Make a Plan


Because a disaster can disrupt your primary emergency plan, it is also important for you to develop a back-up plan to ensure your safety.


Meet with Your Family / Personal Care Attendants / Building Manager


Review the information you gathered about community hazards and emergency plans.



Choose an "Out-of-State" Contact


Ask an out-of-state friend or relative to be your contact. Following a disaster, family members should call this person and tell them where they are. Everyone must know the contact’s phone numbers. After a disaster, it is often easier to make a long distance call than a local call from a disaster area.



Decide Where to Meet


In the event of an emergency, you may become separated from household members. Choose a place right outside your home in case of a sudden emergency, like a fire. Choose a location outside your neighborhood in case you can’t return home.



Complete a Communications Plan


Your plan should include contact information for family members, members of your support network, caregivers, work, and school. Your plan should also include information for your out-of-town contact, meeting locations, emergency services, and the National Poison Control Center (1-800-222-1222). This contact information can be recorded and carried in a wallet, purse, backpack, etc, for quick reference.


Teach your children how to call the emergency phone numbers and when it is appropriate to do so. Be sure each family member has a copy of your communication plan and post it near your telephone for use in an emergency.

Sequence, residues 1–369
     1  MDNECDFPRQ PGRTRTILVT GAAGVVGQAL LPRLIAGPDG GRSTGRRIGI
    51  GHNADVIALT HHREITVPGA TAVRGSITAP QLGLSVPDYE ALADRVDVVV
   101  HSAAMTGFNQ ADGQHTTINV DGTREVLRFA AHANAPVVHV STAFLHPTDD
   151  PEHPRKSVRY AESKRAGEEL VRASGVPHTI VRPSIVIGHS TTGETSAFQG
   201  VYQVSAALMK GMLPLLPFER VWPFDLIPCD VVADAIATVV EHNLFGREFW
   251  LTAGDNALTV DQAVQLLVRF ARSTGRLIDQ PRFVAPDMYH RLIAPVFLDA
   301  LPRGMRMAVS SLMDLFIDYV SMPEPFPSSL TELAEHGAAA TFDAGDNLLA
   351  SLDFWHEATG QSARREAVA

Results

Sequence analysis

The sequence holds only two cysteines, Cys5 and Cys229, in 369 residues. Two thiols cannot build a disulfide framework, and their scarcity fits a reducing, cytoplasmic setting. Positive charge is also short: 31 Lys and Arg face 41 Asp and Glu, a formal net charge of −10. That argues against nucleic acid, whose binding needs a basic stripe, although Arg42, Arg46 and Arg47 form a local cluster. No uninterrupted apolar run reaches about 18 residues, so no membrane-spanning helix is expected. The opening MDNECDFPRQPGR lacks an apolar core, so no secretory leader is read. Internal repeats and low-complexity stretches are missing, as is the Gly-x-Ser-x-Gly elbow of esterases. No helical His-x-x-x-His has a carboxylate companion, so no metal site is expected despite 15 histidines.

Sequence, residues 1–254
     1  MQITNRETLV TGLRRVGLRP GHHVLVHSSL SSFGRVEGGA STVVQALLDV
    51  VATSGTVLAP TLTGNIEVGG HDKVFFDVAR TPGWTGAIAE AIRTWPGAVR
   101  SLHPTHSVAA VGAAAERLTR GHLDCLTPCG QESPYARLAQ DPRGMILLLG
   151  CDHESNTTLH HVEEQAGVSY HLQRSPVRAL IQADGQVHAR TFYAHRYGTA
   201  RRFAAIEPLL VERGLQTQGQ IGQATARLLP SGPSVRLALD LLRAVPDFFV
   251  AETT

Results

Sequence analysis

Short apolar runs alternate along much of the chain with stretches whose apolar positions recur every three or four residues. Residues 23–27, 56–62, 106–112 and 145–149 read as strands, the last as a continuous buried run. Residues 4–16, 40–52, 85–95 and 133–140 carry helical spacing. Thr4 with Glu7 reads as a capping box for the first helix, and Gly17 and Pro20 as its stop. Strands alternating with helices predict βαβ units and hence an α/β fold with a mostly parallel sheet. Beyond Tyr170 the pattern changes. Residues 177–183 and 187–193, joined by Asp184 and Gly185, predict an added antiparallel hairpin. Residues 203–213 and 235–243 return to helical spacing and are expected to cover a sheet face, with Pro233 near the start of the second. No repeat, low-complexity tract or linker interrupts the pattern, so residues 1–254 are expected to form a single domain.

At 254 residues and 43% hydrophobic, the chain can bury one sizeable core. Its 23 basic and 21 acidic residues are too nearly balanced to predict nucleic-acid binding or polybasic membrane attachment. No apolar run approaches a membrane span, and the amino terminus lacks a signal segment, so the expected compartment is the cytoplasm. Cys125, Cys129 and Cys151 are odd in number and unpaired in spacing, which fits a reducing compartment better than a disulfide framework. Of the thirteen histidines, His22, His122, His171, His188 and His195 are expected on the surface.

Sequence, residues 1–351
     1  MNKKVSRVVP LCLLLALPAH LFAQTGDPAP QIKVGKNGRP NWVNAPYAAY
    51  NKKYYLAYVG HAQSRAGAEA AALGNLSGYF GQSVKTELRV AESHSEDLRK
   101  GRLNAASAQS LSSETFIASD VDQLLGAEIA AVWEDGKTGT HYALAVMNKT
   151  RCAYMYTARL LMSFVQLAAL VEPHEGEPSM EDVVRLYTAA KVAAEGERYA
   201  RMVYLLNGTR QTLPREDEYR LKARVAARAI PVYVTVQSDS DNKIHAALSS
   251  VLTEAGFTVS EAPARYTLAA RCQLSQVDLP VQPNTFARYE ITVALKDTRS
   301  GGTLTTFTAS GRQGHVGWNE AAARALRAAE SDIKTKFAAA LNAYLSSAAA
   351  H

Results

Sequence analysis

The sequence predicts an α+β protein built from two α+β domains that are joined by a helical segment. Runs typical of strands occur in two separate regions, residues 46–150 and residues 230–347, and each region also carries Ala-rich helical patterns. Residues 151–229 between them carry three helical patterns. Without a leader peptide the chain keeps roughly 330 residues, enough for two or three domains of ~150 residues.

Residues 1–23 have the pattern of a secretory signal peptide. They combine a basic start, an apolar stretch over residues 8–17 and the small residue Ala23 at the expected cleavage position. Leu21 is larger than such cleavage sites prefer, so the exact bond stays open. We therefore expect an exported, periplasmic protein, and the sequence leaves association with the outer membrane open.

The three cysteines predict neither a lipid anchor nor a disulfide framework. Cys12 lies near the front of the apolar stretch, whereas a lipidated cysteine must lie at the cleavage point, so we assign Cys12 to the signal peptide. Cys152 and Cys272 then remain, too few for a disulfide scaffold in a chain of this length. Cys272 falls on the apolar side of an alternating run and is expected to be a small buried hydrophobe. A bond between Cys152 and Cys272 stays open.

Escape Routes and Safe Places


In a fire or other emergency, you may need to evacuate on a moment’s notice. Be ready to get out fast. Be sure everyone in your family knows the best escape routes out of your home.


Use a blank sheet of paper to draw the floor plans of your home. Show the location of doors, windows, stairways, large furniture, your disaster supplies kit, fire extinguisher, smoke alarms, other visual and auditory alarms, collapsible ladders, first-aid kits, and utility shut-off points. Show important points outside such as garages, patios, stairways, elevators, driveways, and porches.


Indicate at least two escape routes from each room, and mark a place outside of the home where household members and/or your personal care attendant should meet in case of fire. If you or someone in your household uses a wheelchair, make exits from your home wheelchair accessible.



Plan for Your Pets


Take your pets with you if you evacuate. However, be aware that pets (other than service animals) usually are not permitted in emergency public shelters for health reasons. Prepare a list of family, friends, boarding facilities, veterinarians, and “pet-friendly” hotels that could shelter your pets in an emergency.



Prepare for Different Hazards


Include in your plan how to prepare for each hazard that could impact your local community and how to protect yourself. Determine in advance what your alternative shelter will be and how you will get there.


Other hazards, like a home fire, will require you to leave. Make sure both primary and secondary exits are accessible and that you can locate them by touch or feel (since lights may be out and thick, black smoke may make it very hard to see).